I have a set of solid state contactors that I want to turn on and off with 24v PLC outputs.

That contactor takes 4.5 - 15V inputs ( Changing the relay to the 24v input model is not an option right now). I need some help calculating the size of the series resistor that I should use, or some other method to reduce the 24V output to 4.5-15v.

DP4RSC60D20B - http://www.crydom.com/en/products/catalog/d_p4_r.pdf

Logic Supply Voltage Range [VDC]: 4.5-15
Minimum Logic Supply Current mA: 16
Maximum Logic Supply Current mA: 20
Minimum Control Input Current @ Min voltage [mA]: 0.20
Maximum Control Input Current @ Max voltage [mA]: 1.0

  • \$\begingroup\$ Have you tried using a transistor? \$\endgroup\$ Jun 23, 2015 at 17:07

1 Answer 1


Let's start with a simple model.

Your data sheet lists a maximum control current of 1 mA at 15V, which means the input acts like roughly a 15 kOhm equivalent resistance. What you want is a voltage divider that takes your 24V down to 15V, with a lower resistor of 15 kOhm.

$$ \frac{15 k\Omega}{15 k\Omega+x}= \frac{15V}{24V} \\ x=9 k\Omega $$

Now, that's your lower limit. Any less series resistance, and the voltage across the input will be over 15V and out of spec.

The data sheet also lists that the controls will pull a minimum current of .2 mA at 4.5V, which is a 22.5 kOhm equivalent resistance. In that case, you get a maximum dropping resistance of 97.5 kOhm. Any more than that and your voltage will be too low and out of spec.

The problem here is that we don't know what happens in between. The control current at 15V will not exceed the 1 mA spec. The data sheet doesn't say it can't be less than 1 mA at 15V, though. So what happens then? Suppose the control current is .5 mA. Now you only get a 4.5V drop across your 9 kOhm resistor, and your voltage is 19.5V, out of spec. The same problem applies to our maximum resistance if the controls draw more current than the specified minimum: your voltage will drop below spec.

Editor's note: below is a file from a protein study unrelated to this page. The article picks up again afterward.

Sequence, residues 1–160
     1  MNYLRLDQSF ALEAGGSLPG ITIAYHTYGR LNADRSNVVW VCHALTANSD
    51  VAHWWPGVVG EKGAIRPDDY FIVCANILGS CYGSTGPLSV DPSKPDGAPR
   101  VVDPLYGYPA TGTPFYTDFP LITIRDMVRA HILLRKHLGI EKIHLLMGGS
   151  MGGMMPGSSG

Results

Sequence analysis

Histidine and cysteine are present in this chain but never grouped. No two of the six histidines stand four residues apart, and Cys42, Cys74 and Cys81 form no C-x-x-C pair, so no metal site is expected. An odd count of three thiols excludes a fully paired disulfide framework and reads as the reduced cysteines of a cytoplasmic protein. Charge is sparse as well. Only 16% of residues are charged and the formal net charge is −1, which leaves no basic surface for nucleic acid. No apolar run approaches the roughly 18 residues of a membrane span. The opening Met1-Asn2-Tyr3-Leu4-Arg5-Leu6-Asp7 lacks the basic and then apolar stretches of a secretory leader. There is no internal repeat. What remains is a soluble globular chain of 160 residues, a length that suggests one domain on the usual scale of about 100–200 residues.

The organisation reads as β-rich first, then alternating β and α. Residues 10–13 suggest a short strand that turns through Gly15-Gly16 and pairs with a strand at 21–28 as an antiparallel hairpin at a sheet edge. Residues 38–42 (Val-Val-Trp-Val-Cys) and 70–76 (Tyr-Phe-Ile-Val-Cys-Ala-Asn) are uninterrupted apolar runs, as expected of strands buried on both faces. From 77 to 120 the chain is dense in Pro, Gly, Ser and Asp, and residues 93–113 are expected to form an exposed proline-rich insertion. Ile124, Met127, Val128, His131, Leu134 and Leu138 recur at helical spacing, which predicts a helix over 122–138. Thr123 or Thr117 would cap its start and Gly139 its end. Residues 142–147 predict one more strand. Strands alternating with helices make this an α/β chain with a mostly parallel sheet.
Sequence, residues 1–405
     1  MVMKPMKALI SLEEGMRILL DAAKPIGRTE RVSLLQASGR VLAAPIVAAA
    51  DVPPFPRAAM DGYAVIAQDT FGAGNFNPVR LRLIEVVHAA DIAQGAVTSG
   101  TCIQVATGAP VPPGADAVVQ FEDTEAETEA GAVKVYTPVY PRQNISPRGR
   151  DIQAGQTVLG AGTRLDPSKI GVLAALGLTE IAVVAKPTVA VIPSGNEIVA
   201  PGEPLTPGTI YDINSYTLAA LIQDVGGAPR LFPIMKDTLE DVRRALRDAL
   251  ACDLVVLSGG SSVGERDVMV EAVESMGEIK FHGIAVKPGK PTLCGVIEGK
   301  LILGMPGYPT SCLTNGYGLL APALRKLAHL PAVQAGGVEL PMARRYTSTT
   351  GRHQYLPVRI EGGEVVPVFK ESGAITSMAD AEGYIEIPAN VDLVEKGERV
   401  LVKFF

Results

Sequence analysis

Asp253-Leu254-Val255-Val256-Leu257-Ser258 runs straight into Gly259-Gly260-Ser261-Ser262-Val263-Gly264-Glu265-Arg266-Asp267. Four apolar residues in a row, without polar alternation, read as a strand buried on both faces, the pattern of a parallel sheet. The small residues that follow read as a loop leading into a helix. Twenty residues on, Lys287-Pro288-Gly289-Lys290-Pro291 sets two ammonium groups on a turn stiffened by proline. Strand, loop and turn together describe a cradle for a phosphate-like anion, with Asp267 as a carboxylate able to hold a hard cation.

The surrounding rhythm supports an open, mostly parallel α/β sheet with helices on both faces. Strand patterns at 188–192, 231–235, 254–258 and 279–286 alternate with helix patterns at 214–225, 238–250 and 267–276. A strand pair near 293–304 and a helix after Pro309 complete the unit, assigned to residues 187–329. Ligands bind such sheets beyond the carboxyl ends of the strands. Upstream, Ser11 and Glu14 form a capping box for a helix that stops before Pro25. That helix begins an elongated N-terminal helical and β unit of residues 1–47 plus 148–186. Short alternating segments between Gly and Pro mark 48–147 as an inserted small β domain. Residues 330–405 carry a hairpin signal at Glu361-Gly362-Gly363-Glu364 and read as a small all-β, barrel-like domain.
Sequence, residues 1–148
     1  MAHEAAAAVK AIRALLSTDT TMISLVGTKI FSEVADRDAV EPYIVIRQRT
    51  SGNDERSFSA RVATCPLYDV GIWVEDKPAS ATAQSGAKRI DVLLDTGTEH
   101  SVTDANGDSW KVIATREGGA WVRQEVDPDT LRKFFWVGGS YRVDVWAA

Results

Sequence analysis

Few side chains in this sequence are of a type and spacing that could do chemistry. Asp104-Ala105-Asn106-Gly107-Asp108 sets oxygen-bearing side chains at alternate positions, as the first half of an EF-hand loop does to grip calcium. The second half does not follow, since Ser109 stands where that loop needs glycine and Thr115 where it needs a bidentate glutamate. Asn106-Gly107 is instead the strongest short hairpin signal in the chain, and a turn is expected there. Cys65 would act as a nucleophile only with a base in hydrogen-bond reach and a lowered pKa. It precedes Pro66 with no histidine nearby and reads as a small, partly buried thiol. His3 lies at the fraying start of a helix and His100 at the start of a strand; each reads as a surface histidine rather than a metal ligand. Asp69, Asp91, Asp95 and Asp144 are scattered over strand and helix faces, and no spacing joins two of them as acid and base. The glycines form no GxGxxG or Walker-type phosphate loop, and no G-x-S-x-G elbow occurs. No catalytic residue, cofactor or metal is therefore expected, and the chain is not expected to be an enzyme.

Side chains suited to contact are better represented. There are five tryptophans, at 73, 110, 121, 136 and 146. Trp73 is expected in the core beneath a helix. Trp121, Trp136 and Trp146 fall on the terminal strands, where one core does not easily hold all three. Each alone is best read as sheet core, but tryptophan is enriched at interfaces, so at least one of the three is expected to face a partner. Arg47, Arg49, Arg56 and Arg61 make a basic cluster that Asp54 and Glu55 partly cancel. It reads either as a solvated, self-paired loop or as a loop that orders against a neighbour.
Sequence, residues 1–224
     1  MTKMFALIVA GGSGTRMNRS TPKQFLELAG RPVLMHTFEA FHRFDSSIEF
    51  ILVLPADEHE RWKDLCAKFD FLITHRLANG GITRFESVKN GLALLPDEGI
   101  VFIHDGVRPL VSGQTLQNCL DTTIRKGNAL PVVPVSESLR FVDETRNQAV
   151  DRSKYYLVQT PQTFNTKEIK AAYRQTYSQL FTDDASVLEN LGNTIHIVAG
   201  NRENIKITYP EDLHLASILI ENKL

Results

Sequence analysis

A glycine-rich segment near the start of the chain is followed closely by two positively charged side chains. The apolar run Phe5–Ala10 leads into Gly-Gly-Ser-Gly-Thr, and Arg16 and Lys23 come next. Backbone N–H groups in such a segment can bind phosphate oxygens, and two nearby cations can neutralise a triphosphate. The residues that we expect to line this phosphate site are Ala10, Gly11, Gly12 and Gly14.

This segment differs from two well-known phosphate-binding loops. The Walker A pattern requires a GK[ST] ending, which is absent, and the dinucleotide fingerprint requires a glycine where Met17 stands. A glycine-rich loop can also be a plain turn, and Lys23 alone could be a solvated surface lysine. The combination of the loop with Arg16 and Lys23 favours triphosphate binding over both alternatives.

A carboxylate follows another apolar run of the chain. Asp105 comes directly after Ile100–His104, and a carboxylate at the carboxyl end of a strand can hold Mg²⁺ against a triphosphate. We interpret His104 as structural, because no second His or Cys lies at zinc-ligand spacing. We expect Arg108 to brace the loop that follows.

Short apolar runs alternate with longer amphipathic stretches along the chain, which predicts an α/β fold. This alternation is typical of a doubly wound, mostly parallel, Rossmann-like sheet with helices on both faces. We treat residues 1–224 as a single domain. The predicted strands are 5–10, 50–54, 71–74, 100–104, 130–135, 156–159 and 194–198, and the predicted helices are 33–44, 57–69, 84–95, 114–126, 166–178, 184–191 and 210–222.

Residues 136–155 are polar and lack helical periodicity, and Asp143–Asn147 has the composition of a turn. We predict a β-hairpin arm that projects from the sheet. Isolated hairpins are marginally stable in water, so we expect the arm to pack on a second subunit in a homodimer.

Unfortunately we can't make any guarantees based on the information in the data sheet. All we can do is make some reasonable assumptions.

Let's assume the input response is linear between the two points provided. That means it's basically a diode with a resistor in series, which is not unreasonable. Taking the two voltages and currents they provide, you can model the input as a 1.875V constant drop and a 13.125 kOhm resistance. This lets us compute the terminal behavior at any operating point, not just the two provided. Of course, its behavior could be totally different, but it's the best we can do

Now we can ignore the terminal voltage and just worry about keeping the current between .2 mA and 1 mA. So you have a voltage drop of 24V - 1.875V = 22.125V across (13.125 + x) kOhm. We'll target .6 mA, middle of the range. A 23.75 kOhm resistor will hit that target.

I'd use a 22 kOhm. Even 1/16W should be fine.


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